alexa A unique chromatin signature uncovers early developmental enhancers in humans.
Microbiology

Microbiology

Journal of Antivirals & Antiretrovirals

Author(s): RadaIglesias A, Bajpai R, Swigut T, Brugmann SA, Flynn RA,

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Abstract Cell-fate transitions involve the integration of genomic information encoded by regulatory elements, such as enhancers, with the cellular environment. However, identification of genomic sequences that control human embryonic development represents a formidable challenge. Here we show that in human embryonic stem cells (hESCs), unique chromatin signatures identify two distinct classes of genomic elements, both of which are marked by the presence of chromatin regulators p300 and BRG1, monomethylation of histone H3 at lysine 4 (H3K4me1), and low nucleosomal density. In addition, elements of the first class are distinguished by the acetylation of histone H3 at lysine 27 (H3K27ac), overlap with previously characterized hESC enhancers, and are located proximally to genes expressed in hESCs and the epiblast. In contrast, elements of the second class, which we term 'poised enhancers', are distinguished by the absence of H3K27ac, enrichment of histone H3 lysine 27 trimethylation (H3K27me3), and are linked to genes inactive in hESCs and instead are involved in orchestrating early steps in embryogenesis, such as gastrulation, mesoderm formation and neurulation. Consistent with the poised identity, during differentiation of hESCs to neuroepithelium, a neuroectoderm-specific subset of poised enhancers acquires a chromatin signature associated with active enhancers. When assayed in zebrafish embryos, poised enhancers are able to direct cell-type and stage-specific expression characteristic of their proximal developmental gene, even in the absence of sequence conservation in the fish genome. Our data demonstrate that early developmental enhancers are epigenetically pre-marked in hESCs and indicate an unappreciated role of H3K27me3 at distal regulatory elements. Moreover, the wealth of new regulatory sequences identified here provides an invaluable resource for studies and isolation of transient, rare cell populations representing early stages of human embryogenesis.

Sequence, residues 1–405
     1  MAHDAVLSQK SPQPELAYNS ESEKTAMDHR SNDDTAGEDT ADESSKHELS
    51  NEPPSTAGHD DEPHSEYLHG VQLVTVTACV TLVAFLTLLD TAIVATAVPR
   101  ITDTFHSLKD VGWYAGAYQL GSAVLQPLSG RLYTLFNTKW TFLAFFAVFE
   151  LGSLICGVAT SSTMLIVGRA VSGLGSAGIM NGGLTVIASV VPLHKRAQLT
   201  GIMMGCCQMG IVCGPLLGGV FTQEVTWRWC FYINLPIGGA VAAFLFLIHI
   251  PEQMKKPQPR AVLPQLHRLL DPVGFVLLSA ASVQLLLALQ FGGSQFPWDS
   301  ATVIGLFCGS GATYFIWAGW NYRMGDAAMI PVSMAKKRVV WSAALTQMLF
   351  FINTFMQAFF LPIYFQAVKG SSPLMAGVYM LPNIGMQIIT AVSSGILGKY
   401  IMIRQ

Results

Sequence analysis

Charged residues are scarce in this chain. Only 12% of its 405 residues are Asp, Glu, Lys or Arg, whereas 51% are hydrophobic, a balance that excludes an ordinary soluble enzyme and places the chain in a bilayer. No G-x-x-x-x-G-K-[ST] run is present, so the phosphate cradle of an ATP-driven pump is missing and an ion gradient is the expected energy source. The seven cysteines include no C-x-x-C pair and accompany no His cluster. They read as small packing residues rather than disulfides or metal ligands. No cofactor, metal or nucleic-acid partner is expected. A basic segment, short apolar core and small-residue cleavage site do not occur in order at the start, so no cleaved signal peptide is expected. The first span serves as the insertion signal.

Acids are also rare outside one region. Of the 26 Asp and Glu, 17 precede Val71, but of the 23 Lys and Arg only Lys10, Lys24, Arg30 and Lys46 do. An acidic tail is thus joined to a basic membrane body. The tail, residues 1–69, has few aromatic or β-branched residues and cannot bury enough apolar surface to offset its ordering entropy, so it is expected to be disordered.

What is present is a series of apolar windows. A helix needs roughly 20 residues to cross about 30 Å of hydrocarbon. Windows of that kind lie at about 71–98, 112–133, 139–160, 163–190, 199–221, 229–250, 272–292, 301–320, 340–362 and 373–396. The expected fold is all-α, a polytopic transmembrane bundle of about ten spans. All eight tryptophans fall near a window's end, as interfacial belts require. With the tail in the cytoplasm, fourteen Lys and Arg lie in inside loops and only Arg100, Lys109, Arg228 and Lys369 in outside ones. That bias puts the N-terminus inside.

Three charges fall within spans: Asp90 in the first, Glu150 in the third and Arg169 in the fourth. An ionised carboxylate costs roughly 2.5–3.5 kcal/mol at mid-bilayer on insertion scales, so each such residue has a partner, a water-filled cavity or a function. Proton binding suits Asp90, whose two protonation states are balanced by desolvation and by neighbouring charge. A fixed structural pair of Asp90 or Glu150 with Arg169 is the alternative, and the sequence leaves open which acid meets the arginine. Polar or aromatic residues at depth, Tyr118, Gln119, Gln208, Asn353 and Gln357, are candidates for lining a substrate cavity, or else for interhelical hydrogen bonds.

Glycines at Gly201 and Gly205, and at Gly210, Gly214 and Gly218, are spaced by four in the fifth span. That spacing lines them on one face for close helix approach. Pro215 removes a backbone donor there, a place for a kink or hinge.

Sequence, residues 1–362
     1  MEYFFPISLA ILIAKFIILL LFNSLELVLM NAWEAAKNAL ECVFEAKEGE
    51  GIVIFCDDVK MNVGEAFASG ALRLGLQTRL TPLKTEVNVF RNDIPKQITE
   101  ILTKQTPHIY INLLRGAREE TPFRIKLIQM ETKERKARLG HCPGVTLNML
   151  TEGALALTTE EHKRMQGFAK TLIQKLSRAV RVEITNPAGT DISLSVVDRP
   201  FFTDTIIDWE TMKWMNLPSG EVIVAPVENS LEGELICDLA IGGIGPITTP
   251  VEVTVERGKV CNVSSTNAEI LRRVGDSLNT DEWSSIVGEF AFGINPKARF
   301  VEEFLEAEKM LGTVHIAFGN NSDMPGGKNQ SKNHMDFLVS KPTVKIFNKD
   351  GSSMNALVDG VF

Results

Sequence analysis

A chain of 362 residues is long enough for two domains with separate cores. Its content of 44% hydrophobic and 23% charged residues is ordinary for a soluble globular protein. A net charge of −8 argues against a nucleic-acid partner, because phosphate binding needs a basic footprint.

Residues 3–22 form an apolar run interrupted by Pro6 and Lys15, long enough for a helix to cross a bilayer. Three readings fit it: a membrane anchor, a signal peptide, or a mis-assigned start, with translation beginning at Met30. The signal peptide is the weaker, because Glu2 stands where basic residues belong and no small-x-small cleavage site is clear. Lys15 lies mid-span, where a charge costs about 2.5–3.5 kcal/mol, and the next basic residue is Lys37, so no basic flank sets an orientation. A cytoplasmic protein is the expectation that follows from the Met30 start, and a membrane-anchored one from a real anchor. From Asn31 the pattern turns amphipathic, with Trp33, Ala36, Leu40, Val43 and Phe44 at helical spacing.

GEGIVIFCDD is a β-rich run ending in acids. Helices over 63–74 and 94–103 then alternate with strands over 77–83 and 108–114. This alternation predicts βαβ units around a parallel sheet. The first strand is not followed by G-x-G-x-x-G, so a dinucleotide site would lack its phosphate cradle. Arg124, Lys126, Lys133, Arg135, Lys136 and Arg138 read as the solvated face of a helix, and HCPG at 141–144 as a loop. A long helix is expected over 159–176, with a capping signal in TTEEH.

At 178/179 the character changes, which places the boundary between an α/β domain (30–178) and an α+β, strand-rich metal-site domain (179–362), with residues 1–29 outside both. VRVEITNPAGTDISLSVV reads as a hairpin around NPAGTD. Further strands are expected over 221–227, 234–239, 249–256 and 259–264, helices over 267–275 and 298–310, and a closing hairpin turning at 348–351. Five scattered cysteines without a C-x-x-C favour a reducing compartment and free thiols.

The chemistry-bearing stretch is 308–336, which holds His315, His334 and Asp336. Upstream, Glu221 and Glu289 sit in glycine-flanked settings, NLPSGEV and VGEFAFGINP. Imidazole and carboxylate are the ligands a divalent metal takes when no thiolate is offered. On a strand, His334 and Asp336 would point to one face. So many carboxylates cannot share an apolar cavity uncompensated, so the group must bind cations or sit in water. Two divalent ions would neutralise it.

This article was published in Nature and referenced in Journal of Antivirals & Antiretrovirals

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